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These are the 5 biggest holes in the Instagram for Windows Phone release

It’s been a long hard journey for Windows Phone users. Since the launch of Microsoft’s mobile ambitions, there’s been one significant challenge: While the hardware has been solid, even eye-catching, and the OS itself a refreshing change of pace (for smartphones, at least), the Windows Phone app wasteland has plagued it. It only relatively recently got an official Facebook app, and Instagram has been noticeably missing for a while now – until yesterday, of course, when the app finally showed up

Except, it only sort of showed up. Or rather, it showed up half-baked, unfinished. It showed up drunk as a skunk, hours late for a party that everyone was enjoying until it showed its shameful self. It feels all too much like an attempt at quelling the anxious wait Windows Phone users have inexplicably had to endure (Facebook owns Instagram, Microsoft owns part of Facebook … aren’t you all in cahoots?).

As should be expected, there are some hurt feelings at this half-hearted release – and these are the specific reasons why.

1. Some obvious features are missing

This is just sort of mean: Windows Phone users can’t tag people in photos or use the video recording feature, as we previously reported. Sure, this is a beta release, but those aren’t just UI issues – they are main components of the Instagram platform. It’s sort of cruel to log in and see all those Android and iOS users tagging and video recording away. Also, if some lucky jerk with an Android or iPhone tags you in a photo, there’s no option on your Instagram profile to view it. 

2. No Photo Maps

While you can add a location to a photo in the Windows Phone Instagram app, you don’t get to use the Photo Maps feature. When this first launched there were plenty of privacy questions being asked, but if you’ve locked down your settings and used common sense (i.e., never geo-tag and plot “Home Sweet Home!” on your map unless you like being robbed) then it’s an interesting, visual way to trace your Instagram-worthy travels. No such lunch, Windows Phone users. 

3. Less stalking

instagram windows For iOS and Android users, there are two equally noticeable tabs in our notifications – news that relates to us, and news that relates to people we’re following. I’ve hardly ever clicked on the “Following” tab because I’m a self-involved narcissist who only cares about Likes on her photos and her new followers, but it seems like a handy stalking tool if you want to see what you’re friends are up to within Instagram (or if you have a significant other using Instagram, exactly who they’re following and Liking … I do not, but I imagine there would be moments of weakness in which I would do this were it the case). Windows Phone app users have this tab, but it’s hidden in the bottom right-hand corner, indicated by the “…” icon.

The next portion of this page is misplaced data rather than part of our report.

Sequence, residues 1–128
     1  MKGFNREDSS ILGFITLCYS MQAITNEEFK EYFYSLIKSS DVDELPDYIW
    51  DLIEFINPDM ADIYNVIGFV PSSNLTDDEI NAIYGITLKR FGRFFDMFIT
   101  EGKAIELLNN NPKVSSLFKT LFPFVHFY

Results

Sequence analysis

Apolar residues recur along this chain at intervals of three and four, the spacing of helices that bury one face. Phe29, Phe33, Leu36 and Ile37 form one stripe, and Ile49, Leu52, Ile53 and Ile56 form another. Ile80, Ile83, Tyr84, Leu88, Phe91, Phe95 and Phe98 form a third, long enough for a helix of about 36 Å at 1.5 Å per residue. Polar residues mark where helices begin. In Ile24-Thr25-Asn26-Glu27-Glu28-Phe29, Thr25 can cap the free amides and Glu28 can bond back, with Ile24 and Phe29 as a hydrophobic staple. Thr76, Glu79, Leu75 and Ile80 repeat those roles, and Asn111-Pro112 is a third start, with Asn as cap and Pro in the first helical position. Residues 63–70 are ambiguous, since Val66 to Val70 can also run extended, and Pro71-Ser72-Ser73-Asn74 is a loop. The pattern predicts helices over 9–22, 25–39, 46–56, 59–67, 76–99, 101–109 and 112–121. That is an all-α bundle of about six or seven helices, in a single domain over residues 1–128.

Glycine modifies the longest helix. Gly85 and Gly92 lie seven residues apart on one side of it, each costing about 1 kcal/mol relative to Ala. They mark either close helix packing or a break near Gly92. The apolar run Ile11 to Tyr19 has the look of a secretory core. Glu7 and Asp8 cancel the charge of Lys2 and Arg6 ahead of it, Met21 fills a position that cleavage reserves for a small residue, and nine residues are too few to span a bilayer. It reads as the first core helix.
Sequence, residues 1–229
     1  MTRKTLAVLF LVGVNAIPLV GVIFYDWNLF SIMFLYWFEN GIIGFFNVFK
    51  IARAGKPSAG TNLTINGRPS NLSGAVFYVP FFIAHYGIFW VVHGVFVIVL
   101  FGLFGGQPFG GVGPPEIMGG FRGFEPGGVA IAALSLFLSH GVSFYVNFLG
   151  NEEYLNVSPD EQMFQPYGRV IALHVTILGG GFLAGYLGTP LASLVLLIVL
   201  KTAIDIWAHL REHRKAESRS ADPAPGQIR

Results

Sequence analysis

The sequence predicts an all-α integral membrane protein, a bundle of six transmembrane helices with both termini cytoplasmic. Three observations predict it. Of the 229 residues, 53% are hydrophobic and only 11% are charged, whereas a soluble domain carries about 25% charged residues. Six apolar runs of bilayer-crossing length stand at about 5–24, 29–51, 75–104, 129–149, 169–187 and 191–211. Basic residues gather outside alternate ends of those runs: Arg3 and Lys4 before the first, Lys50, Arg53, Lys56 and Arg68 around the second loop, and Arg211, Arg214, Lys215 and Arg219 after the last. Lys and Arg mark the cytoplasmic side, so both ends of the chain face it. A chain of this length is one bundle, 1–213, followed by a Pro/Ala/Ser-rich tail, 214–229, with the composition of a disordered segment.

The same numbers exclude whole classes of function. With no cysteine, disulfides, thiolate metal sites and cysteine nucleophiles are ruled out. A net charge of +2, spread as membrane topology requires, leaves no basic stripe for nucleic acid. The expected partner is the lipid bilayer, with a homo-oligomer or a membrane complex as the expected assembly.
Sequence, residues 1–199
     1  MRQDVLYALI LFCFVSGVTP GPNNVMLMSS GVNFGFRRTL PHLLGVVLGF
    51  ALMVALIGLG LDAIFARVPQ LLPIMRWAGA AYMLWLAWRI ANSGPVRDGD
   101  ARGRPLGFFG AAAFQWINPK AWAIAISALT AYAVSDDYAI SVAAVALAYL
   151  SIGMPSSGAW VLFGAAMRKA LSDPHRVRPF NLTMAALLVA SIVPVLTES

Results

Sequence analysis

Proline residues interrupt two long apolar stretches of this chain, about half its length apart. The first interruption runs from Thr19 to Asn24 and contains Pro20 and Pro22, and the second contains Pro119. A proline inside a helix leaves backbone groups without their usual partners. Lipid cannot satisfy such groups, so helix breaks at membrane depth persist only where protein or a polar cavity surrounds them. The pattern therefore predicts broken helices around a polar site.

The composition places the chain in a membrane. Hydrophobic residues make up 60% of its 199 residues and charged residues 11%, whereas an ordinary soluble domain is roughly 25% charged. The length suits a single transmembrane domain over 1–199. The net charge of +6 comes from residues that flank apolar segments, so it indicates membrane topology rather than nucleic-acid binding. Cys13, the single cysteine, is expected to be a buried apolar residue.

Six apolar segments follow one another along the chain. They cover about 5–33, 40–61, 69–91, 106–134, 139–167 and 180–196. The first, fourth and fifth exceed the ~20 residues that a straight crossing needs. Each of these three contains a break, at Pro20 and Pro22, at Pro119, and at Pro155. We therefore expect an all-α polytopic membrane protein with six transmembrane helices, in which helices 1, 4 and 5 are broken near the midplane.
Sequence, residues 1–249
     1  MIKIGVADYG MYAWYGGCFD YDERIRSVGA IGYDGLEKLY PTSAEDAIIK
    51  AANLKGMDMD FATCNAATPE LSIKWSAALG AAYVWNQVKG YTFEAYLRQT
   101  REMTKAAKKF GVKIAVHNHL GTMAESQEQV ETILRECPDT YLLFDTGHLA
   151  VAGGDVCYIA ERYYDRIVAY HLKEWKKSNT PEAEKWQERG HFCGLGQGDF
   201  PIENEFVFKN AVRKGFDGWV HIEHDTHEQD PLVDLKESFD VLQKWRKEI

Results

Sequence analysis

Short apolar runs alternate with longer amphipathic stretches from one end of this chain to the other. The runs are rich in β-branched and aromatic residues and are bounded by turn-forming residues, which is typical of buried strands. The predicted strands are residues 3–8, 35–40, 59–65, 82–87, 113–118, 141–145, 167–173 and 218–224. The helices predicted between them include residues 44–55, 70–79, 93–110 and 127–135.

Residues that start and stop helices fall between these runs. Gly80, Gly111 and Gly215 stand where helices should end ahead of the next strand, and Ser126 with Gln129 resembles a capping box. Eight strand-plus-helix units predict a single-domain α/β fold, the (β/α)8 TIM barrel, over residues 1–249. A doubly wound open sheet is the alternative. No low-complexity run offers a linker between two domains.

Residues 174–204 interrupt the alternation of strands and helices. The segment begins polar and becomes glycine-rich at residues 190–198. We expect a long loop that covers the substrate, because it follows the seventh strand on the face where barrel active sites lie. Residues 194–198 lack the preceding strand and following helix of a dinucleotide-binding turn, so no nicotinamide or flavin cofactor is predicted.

4. That whole “Instagram for Windows Phone doesn’t let you take pictures!” mess

Calm down – the app does allow you take photos from within Instagram. It’s just terrible at doing it. When you hit the camera icon, you’ll see photos in your gallery. If you don’t want those and instead want to take a photo, you can hit that option … and be popped out of Instagram into your Windows Phone’s default camera. Your gut reaction is to scream “Instagram has crashed and the world shall never know the beauty of this scone!,” but fear not, dear reader. After you snap the photo, you’re bumped back into Instagram where you can filter that thing with Nashville and be on your merry way. But obviously, this is not exactly a fluid experience, and you should be able to stay within Instagram the entire time without any momentary panic or confusion. 

5. The name game

What if you’re a Windows Phone user who’s been relying on a third party Instagram-porting photo service in order to participate? What if you had a user name on that app that someone else was using on Instagram? What are you going to do now? Well … probably change your handle. There’s no easy solution, unless you want to be one of those people that will pay for your digital alias. But that’s just sad.